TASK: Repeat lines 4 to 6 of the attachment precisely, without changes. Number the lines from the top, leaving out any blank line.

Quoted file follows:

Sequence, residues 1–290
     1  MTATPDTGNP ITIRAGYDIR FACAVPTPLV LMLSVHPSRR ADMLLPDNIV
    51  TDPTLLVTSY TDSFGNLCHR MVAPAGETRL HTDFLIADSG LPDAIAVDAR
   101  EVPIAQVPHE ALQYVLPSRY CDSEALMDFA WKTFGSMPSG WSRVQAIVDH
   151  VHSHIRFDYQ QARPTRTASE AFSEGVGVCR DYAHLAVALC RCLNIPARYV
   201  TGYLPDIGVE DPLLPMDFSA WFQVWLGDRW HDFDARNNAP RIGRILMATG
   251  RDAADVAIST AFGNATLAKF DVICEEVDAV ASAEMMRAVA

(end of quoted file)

   101  EVPIAQVPHE ALQYVLPSRY CDSEALMDFA WKTFGSMPSG WSRVQAIVDH
   151  VHSHIRFDYQ QARPTRTASE AFSEGVGVCR DYAHLAVALC RCLNIPARYV
   201  TGYLPDIGVE DPLLPMDFSA WFQVWLGDRW HDFDARNNAP RIGRILMATG